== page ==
Initially, the pair developed the ColdSpace hardware with help from a UB engineering class that worked on the project as part of an experiential learning experience. Tyson highlights the risks associated with hardware as compared to software (like developing an app) because of the capital needed to build and test prototypes. Because of these risks, ColdSpace’s relationships throughout UB alleviated some of the financial and knowledge based pressures of producing that first successful prototype. From there, Elijah and Abid began developing a corresponding app to pay for subscriptions, reserve spaces, receive alerts and reminders, etc. Simultaneously, the pair began testing their product in the Blackstone office at UB from early October until about Thanksgiving, receiving feedback from users and adjusting prices.
For those who opt to bring food to work or school in hopes of reducing waste and single use plastics, ColdSpace not only offers secure storage, but an opportunity to skip buying a lunch box, brown paper bags, or plastic zip-lock bags. Although lunch boxes and bags are reusable, they are still typically made of some sort of plastic and eventually create more waste. When using ColdSpace, a user can use glass storage containers without worrying about it breaking in a bag or carrying around heavy containers all day.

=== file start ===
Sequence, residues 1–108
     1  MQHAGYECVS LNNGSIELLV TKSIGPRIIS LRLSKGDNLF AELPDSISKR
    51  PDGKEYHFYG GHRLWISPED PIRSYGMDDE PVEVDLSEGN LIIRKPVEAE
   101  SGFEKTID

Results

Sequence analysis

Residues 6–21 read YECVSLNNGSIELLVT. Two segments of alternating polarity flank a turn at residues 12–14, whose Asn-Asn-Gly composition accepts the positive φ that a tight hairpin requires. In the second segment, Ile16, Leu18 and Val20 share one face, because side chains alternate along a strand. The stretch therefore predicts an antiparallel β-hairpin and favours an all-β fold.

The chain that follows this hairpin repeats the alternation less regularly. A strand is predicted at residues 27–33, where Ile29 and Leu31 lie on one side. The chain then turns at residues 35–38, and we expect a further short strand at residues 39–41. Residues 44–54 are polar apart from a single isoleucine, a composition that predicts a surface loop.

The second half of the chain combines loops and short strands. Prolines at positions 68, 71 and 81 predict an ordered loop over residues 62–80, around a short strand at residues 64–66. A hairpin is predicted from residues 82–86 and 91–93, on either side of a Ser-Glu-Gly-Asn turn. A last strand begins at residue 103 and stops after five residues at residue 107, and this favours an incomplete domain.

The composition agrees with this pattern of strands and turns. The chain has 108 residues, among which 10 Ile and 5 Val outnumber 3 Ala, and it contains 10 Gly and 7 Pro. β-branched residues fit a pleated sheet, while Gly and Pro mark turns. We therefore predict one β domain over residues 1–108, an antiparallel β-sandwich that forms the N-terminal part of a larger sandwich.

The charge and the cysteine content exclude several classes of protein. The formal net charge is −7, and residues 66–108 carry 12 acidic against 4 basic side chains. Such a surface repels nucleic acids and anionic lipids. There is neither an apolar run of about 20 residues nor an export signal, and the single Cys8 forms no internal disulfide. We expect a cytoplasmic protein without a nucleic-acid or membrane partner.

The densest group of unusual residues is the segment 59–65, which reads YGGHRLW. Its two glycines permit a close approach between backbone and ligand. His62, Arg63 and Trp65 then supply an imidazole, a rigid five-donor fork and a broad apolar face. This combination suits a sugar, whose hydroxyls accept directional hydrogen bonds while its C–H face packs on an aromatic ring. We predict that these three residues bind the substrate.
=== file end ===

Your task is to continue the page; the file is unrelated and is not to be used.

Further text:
Touching on his goals for ColdSpace, Elijah discusses the positive impact ColdSpace can have on energy consumption. First, traditional refrigerators waste more energy than a ColdSpace unit because a traditional refrigerator door opening and closing throughout the day requires more energy to regulate temperatures. In contrast, ColdSpace uses just a small opening to access just one locker space, keeping temperatures inside the unit much more constant than a traditional refrigerator. Elijah hopes that one day office spaces will replace most traditional refrigerators with ColdSpace units to save on energy costs and wasted energy. Second, Tyson and his team hope to make ColdSpace units solar powered to completely cut traditional energy sources from the equation and ultimately lower costs.